• University Counseling Center: Saint Liam Hall, 574-631­-7336; Counselors are available to provide a professional assessment and determine what types of treatment would be most helpful. Some students benefit from individual counseling, group therapy, nutritional counseling and/or a psychiatric consultation. These services are available on campus and can be accessed and coordinated through the University Counseling Center. Some students may benefit from more intensive services than are available on campus and referrals will be provided for other resources.  UCC's website provides educational information about eating disorders at
  • University Health Services: Student Health Center, 574-631­-7497; Provisders are available to conduct physical examinations and make recommendations to students about their physical health. A physician participates on the eating disorders multi­disciplinary treatment team.
  • Food Services: Nutrition Office in South Dining Hall, 574-631-­0106; a registered dietitian is available to help assess potential eating problems and provide nutritional counseling to those struggling with eating issues.
  • RecSports: Rolf Sports Recreation Center, 574-631­-6100; Consultations are available to answer questions such as “How do I get started with an exercise program?” “What changes should I make?” “Am I doing enough/too much?” To make sure your workouts are safe and effective, orientations on fitness equipment are available throughout campus.
  • Residence Hall Staff: Your hall staff has received training about eating disorders and is available to discuss this type of concern with you.

Support Services for Problem Gamblers and Concerned Others

Problem gambling is gambling behavior which causes disruptions in any major area of life: psychological, physical, social or vocational. The term “problem gambling” includes, but is not limited to, the condition known as “pathological” or “compulsive” gambling. Pathological or compulsive gambling is a progressive addiction characterized by increasing preoccupation with gambling, a need to bet more money more frequently, restlessness or irritability when attempting to stop, “chasing” losses, and loss of control manifested by continuation of the gambling despite serious or negative consequences.  For more information, please visit: "Gambling" resource page managed by the University Counseling Center.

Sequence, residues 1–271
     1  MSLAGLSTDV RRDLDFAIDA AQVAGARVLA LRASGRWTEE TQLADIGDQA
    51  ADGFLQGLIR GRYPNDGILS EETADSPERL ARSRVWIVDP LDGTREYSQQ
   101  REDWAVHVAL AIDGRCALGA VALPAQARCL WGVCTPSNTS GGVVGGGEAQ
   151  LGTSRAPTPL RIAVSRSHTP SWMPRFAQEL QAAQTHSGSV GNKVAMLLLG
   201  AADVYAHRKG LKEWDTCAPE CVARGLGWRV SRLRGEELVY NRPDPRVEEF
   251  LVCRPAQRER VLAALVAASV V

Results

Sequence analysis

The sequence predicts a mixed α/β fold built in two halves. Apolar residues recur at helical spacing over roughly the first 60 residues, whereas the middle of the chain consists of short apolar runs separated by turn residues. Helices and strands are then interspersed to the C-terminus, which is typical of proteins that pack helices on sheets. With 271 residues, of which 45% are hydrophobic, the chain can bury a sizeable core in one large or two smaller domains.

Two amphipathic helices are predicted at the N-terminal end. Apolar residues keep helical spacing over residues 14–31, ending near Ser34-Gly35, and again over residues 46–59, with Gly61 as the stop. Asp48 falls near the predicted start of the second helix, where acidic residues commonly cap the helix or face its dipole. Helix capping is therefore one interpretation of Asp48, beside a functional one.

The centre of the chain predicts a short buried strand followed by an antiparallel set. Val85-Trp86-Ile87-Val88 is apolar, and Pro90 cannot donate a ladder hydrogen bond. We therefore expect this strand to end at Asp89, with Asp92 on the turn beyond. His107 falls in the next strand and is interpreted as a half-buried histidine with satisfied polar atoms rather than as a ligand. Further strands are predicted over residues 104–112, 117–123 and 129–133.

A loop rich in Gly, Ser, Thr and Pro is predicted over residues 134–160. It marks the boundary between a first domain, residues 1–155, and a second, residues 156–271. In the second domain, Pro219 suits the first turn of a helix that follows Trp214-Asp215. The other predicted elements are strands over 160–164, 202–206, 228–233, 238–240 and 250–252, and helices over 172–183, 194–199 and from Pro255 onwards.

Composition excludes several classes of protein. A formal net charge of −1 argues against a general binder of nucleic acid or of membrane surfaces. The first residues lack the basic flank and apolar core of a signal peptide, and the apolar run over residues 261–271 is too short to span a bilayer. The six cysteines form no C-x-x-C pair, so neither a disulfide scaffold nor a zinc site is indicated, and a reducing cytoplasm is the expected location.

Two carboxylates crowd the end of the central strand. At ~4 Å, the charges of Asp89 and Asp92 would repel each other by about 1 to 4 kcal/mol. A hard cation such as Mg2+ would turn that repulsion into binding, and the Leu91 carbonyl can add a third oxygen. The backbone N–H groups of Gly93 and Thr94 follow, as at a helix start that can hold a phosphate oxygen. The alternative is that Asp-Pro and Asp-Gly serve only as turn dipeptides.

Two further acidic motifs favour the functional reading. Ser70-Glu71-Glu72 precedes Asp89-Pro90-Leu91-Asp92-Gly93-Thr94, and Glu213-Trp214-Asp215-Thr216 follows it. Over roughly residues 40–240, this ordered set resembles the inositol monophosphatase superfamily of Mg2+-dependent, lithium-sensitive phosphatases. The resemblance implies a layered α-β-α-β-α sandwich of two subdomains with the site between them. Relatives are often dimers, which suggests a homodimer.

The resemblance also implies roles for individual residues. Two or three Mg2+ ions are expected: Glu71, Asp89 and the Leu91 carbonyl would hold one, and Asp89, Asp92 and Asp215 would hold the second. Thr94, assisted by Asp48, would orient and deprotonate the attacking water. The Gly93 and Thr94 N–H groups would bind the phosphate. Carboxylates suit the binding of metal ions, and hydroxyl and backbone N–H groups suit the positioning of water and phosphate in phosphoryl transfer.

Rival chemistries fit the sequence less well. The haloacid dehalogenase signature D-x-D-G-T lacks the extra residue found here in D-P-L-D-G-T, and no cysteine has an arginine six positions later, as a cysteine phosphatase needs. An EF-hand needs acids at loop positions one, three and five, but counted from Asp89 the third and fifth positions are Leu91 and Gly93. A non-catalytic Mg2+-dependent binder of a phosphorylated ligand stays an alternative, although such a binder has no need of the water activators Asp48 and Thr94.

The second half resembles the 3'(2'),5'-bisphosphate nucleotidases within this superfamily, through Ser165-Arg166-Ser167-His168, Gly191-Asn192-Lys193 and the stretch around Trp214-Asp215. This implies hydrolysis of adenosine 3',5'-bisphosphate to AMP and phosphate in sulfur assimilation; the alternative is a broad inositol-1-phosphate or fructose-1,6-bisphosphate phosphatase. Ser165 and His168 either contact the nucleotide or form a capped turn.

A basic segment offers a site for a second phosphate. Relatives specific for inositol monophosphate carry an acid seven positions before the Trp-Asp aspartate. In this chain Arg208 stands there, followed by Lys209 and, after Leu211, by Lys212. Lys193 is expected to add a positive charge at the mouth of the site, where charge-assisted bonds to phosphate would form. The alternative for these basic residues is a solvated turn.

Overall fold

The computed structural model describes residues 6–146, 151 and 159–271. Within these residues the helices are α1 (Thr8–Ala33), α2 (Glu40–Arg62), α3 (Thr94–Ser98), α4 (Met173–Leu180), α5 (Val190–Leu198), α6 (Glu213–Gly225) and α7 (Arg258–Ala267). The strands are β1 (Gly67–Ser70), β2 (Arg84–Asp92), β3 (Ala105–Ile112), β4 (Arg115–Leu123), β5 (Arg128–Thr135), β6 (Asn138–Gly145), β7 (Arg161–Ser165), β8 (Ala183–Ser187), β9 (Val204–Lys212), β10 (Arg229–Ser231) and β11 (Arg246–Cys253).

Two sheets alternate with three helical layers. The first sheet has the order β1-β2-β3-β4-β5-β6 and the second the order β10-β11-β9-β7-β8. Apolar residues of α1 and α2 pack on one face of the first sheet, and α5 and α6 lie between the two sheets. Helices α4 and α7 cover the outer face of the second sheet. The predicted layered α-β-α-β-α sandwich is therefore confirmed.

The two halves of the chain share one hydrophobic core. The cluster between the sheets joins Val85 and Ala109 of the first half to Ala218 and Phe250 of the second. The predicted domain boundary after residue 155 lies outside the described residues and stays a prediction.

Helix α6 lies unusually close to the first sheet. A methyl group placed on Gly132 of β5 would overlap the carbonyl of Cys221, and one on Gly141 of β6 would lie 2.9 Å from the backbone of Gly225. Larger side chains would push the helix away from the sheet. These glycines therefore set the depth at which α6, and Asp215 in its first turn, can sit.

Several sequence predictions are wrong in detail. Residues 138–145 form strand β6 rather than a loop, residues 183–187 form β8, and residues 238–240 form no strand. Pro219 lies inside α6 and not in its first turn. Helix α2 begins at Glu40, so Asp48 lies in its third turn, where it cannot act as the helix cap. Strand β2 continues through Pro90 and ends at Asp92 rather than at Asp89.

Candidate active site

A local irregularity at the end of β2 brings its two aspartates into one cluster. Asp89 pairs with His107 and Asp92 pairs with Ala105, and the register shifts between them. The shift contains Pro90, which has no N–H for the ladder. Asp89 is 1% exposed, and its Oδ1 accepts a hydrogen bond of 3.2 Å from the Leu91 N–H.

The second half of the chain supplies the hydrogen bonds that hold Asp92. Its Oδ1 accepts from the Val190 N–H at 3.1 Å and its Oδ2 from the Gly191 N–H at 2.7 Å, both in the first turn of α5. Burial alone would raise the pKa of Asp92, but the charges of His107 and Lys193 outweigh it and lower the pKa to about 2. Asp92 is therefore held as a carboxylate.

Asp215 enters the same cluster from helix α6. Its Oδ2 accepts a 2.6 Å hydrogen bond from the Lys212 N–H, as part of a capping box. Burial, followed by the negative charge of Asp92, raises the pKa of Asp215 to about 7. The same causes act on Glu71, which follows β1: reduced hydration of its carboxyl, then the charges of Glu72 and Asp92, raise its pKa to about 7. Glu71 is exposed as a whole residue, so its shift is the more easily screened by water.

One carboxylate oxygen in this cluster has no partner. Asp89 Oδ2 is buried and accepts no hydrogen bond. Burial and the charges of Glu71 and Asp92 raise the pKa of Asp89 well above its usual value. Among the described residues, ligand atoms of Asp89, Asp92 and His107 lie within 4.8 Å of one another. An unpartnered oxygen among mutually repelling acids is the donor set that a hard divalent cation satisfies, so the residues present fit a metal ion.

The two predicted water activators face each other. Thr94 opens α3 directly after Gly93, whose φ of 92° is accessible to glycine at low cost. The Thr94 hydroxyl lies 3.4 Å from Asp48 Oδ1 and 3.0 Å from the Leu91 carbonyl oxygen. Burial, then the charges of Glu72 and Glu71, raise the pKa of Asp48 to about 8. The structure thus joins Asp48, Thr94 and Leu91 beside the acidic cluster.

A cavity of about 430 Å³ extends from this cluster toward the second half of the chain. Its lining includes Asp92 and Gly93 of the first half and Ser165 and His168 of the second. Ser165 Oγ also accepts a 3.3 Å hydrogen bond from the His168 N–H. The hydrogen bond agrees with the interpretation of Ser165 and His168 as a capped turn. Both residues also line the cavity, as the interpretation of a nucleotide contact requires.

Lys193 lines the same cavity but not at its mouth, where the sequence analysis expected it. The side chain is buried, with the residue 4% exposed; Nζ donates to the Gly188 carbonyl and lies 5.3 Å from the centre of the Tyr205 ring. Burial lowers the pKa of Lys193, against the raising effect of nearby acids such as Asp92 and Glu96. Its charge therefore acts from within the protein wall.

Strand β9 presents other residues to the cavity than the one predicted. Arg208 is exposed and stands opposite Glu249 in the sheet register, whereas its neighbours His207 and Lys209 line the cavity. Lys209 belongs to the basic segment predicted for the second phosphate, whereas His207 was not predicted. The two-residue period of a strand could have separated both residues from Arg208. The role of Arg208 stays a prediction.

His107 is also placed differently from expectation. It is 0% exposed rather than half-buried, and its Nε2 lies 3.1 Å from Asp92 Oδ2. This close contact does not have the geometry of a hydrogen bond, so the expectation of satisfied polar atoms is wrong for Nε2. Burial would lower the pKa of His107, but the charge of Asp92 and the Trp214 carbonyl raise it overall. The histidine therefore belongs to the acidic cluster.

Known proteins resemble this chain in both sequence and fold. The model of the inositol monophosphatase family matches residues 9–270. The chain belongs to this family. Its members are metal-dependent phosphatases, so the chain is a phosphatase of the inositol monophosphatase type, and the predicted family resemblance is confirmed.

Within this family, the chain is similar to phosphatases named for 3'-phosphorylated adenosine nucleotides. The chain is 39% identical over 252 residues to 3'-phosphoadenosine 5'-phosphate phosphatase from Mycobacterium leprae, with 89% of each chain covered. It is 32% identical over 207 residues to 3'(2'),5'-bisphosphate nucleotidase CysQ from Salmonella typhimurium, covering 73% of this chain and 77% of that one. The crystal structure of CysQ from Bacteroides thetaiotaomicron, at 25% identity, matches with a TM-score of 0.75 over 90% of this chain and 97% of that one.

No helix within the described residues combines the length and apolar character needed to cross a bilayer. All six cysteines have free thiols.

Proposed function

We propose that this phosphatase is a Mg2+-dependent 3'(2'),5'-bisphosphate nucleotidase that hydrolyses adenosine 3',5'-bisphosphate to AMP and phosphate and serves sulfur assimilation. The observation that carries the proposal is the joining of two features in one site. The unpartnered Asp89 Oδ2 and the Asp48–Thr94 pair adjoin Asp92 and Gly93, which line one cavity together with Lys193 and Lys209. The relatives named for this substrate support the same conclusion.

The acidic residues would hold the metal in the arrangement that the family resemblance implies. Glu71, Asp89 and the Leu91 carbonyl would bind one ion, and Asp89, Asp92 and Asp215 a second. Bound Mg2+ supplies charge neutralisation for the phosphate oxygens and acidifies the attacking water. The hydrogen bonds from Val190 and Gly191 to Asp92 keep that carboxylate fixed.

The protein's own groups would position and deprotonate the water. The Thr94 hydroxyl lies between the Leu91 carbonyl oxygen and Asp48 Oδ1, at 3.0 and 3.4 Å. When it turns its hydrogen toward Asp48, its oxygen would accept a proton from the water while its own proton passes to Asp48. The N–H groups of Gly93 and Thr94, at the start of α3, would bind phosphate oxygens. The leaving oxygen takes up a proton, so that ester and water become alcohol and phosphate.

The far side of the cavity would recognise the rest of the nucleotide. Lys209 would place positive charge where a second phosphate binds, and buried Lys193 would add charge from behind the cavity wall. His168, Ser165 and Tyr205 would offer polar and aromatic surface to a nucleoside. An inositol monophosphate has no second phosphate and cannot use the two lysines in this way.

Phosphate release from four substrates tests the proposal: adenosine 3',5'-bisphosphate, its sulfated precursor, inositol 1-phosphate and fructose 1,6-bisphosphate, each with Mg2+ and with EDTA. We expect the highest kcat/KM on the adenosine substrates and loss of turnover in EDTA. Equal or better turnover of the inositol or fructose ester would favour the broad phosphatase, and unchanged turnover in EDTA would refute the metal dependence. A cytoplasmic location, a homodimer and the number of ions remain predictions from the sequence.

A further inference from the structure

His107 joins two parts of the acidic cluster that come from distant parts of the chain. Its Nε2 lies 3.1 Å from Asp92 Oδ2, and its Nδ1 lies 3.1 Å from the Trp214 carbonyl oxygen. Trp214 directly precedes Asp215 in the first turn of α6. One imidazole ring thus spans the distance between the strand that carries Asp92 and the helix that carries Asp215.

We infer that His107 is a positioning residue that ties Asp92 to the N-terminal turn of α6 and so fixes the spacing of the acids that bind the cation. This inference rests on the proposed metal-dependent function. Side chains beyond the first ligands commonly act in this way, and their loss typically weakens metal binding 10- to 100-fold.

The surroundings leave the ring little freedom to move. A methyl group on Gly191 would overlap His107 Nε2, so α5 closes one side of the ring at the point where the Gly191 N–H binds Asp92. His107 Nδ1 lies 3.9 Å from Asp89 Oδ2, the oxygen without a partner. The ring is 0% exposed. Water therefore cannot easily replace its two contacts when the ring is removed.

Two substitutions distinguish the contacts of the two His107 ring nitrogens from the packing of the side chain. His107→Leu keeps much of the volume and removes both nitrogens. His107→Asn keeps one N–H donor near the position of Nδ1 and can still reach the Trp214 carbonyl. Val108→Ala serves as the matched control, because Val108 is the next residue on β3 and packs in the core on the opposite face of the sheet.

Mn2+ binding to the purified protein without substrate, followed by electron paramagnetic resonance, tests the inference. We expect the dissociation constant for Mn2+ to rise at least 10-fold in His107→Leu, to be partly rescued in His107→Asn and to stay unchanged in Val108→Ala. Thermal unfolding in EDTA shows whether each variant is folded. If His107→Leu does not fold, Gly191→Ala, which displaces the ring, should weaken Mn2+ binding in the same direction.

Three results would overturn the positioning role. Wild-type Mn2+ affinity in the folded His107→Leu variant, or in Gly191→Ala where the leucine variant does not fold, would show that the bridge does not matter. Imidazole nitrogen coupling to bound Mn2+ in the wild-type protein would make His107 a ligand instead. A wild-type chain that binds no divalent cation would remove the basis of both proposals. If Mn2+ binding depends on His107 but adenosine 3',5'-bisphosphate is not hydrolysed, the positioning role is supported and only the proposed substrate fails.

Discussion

Self-Help Services Offered Through the University Counseling Center

In addition to the resources on this page, the University Counseling Center offers a number of additional self-help resources on the following topics: Abusive Relationships/Domestic Violence; Academic and Career Issues; Alcohol and Other Drug Issues; Anger; Anxiety, Worry, Panic, and Stress Management; Assertiveness Attention Deficit/Hyperactivity Disorder (AD/HD); Bipolar Disorder; Depression & Suicide; Distress Tolerance; LGBTQ Issues; Grief; Happiness; Homesickness; Internet, Computer, Gaming Addiction; Math Anxiety; Mental Health Screenings; Multicultural Awareness; Obsessive-Compulsive Disorder; Perfectionism; Procrastination; Relationships, Communication, and Conflict; Self-Esteem; Self-Injury; Sleep Issues; Smoking Cessation; Study Abroad and Cultural Shock/Adjustment; Suicide Prevention and Coping Resources; Test Anxiety; Time Management; Transitions; and Trauma & Disaster.  For more information on self-help services, visit: